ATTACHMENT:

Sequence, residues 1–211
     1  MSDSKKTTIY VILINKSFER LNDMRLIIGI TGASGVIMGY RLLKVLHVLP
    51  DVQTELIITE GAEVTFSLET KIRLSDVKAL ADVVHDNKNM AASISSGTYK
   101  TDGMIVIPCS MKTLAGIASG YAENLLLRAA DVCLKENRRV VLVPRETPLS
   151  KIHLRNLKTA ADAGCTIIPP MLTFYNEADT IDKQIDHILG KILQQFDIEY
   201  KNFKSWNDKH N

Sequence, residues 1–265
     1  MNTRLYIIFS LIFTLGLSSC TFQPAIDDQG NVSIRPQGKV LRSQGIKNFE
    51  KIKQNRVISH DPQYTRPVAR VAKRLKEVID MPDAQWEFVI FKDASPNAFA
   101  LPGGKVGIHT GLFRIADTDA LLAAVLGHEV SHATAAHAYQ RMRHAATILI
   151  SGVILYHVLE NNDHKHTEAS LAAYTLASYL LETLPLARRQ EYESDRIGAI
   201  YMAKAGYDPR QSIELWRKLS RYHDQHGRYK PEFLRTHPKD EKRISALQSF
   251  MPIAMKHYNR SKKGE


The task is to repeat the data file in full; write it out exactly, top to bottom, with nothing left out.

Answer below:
Sequence, residues 1–211
     1  MSDSKKTTIY VILINKSFER LNDMRLIIGI TGASGVIMGY RLLKVLHVLP
    51  DVQTELIITE GAEVTFSLET KIRLSDVKAL ADVVHDNKNM AASISSGTYK
   101  TDGMIVIPCS MKTLAGIASG YAENLLLRAA DVCLKENRRV VLVPRETPLS
   151  KIHLRNLKTA ADAGCTIIPP MLTFYNEADT IDKQIDHILG KILQQFDIEY
   201  KNFKSWNDKH N

Sequence, residues 1–265
     1  MNTRLYIIFS LIFTLGLSSC TFQPAIDDQG NVSIRPQGKV LRSQGIKNFE
    51  KIKQNRVISH DPQYTRPVAR VAKRLKEVID MPDAQWEFVI FKDASPNAFA
   101  LPGGKVGIHT GLFRIADTDA LLAAVLGHEV SHATAAHAYQ RMRHAATILI
   151  SGVILYHVLE NNDHKHTEAS LAAYTLASYL LETLPLARRQ EYESDRIGAI
   201  YMAKAGYDPR QSIELWRKLS RYHDQHGRYK PEFLRTHPKD EKRISALQSF
   251  MPIAMKHYNR SKKGE